Michigan Rep. Tom Cochran and county board of commissioners will be present.

“I look forward to attending the sesquicentennial celebration,” said Kierra Hughley, a 20-year-old Mason resident.

Other performances at the sesquicentennial celebration include the Mason High School choir and local artist Dewey Longuski with his song “Making Mason Memories,” which has become the official song of the sesquicentennial.

“This is a very exciting time for our city,” said Marlon Brown, mayor pro tem.

Winners from the College Essay Club’s essay contest for Mason’s 8th graders will be announced and will read their essays.

A historical journal of Mason by Rebecca Clinton will be available for $15.

“Its great that the community is so involved with the 150 year celebration,” said Vivian Ferguson, a retired teacher from Mason.

Two buildings in Mason that have been around since the 1860s have been vacant for more than a decade, 124 Ash St. and 140 Ash St. They are now being rehabilitated with the help of the city, Chamber of Commerce, and the Historical Society. The two buildings’ grand openings are also on March 9, as part of the sesquicentennial celebration.


March 9 is just the kick-off celebration for the sesquicentennial. There will be more events and activities in honor of Mason’s 150th birthday for the rest of the year. 

 

Hayhoe Riverwalk pedestrian bridge expected in summer

By Harrison Thrasher

The Mason Times

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The proposal of a pedestrian bridge at the entrance of Mason’s famed Hayhoe Riverwalk  appears to be on track.

Director of zoning and development David Haywood was present at a City Council meeting to discuss where the project stands and what needs to be done moving forward.

The specification package for the bridge has been made by Wolverine Engineers, a surveying company based in Mason. The most pressing issue addressed by Haywood was the construction process and funding.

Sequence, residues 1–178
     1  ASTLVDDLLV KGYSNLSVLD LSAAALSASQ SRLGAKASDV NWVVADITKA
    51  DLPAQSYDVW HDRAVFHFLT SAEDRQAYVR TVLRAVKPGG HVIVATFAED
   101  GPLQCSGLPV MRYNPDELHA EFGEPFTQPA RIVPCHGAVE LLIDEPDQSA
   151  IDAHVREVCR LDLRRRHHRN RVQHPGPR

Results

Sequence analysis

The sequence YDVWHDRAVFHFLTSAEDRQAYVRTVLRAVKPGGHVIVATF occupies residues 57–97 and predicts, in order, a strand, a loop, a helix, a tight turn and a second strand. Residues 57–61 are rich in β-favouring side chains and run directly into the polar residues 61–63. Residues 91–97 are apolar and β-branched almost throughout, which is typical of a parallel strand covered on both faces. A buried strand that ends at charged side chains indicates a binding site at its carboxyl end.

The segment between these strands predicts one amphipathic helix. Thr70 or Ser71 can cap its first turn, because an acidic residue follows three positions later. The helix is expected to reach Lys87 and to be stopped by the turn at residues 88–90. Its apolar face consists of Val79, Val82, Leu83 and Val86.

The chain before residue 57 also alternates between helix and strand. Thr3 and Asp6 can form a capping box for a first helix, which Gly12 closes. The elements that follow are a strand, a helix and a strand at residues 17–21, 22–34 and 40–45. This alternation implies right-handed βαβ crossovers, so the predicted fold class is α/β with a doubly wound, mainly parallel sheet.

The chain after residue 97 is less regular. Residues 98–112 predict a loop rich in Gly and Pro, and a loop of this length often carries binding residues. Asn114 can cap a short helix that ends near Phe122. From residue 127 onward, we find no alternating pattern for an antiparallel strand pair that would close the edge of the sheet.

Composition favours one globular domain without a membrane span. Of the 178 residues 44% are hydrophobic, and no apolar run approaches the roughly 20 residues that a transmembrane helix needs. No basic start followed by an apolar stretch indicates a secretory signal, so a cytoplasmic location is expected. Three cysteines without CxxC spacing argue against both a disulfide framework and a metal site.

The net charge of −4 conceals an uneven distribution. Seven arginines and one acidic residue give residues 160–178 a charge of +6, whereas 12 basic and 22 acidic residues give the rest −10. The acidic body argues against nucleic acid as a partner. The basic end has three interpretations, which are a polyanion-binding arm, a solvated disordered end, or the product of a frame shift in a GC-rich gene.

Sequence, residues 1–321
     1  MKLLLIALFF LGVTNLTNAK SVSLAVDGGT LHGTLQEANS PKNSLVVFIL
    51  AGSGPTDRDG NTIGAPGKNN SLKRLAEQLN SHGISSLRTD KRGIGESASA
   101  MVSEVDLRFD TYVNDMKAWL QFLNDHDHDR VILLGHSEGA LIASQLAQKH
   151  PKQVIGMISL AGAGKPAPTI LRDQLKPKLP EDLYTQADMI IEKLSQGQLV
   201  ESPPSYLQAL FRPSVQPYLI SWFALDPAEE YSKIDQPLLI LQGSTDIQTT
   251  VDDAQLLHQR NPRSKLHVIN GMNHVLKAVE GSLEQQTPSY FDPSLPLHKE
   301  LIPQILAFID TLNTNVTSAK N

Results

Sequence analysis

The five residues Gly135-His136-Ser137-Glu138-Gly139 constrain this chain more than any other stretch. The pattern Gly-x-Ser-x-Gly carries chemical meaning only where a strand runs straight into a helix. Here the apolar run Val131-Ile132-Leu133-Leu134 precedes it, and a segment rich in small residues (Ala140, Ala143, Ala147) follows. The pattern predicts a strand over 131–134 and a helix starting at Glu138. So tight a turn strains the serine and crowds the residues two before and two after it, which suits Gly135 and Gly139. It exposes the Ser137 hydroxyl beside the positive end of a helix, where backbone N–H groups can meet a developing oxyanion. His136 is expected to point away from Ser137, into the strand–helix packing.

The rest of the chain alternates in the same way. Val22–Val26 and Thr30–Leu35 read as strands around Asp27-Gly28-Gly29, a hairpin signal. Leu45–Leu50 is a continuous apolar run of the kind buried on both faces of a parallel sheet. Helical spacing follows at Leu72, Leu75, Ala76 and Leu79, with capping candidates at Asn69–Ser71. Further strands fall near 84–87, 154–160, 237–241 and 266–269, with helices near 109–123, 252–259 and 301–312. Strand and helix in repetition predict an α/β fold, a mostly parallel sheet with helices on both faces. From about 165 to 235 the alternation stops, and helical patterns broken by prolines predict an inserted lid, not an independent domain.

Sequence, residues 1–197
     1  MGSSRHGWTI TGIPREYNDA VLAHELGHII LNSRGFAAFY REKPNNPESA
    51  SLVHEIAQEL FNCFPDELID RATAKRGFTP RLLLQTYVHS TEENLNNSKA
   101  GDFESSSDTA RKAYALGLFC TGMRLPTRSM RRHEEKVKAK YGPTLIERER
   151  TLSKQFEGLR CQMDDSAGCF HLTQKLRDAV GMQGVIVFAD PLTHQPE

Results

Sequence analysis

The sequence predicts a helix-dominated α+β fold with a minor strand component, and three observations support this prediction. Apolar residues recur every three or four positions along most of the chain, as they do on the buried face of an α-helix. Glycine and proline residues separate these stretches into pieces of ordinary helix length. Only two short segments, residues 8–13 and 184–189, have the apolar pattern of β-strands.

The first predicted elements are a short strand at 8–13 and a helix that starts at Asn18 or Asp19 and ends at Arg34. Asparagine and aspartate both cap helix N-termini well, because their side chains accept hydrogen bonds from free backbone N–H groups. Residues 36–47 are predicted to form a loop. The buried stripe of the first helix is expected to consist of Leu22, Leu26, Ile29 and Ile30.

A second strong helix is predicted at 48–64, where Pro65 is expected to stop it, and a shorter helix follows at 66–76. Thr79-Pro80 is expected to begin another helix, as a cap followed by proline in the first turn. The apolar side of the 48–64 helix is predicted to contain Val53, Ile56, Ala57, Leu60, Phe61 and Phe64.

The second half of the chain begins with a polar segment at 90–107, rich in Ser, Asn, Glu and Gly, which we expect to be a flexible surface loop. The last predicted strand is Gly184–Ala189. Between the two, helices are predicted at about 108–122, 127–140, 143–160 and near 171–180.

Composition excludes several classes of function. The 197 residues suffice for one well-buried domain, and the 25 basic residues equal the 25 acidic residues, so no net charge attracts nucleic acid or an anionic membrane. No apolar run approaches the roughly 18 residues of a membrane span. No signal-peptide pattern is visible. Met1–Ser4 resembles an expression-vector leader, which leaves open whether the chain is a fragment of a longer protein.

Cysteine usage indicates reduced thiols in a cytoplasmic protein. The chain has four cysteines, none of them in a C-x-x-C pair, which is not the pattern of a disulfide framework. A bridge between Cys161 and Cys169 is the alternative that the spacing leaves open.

“We’ve decided to go the route of a pre-manufactured bridge as opposed to designing and building it ourselves,” said Haywood. “To have Wolverine Engineers design the bridge would escalate our engineering costs significantly.”

However, Haywood said that only design and assembly costs escalate in the field, not installation. The bridge can be installed by “any qualified construction company,” in this case, Wolverine Engineers.

Councilman James Mulvany, who made a significant personal donation to the project, clarified the installation process.

“The bridge will be built at a particular location to be transported to Mason, then placed on top of the footings by a crane,” said Mulvany.

Mulvany expressed concern for where the engineering fee is going, as Wolverine Engineers is doing the work on-site, but not the design or assembly. Haywood clarified that there is only one engineering fee that is needed to actually install the bridge and survey the surrounding land, which is essentially what Wolverine Engineers will be paid for.

Mayor Michael Waltz clarified Haywood’s explanation on the engineering fee, saying that giving the fee to Wolverine Engineers would essentially complete the task.

“Once we give them (Wolverine Engineers) the go-ahead, they will take it from A to Z and deliver us a completed project,” said Waltz.

Another important aspect of this project is a trailhead sign in front of the bridge. Mayor Pro Tem Marlon Brown wanted to clarify that the sign is to include the names of all donors (individuals and organizations), which includes two council members, Elaine Ferris and Mulvany.

Haywood clarified that it was the plan to include the donor names, per requirement of the Department of Natural Resources, the regulators of the project.

Haywood said, “We are anticipating to bid approximately April 1, with selection for a contractor sometime in June 2015, and hopefully completed this summer as our funding sources are available.”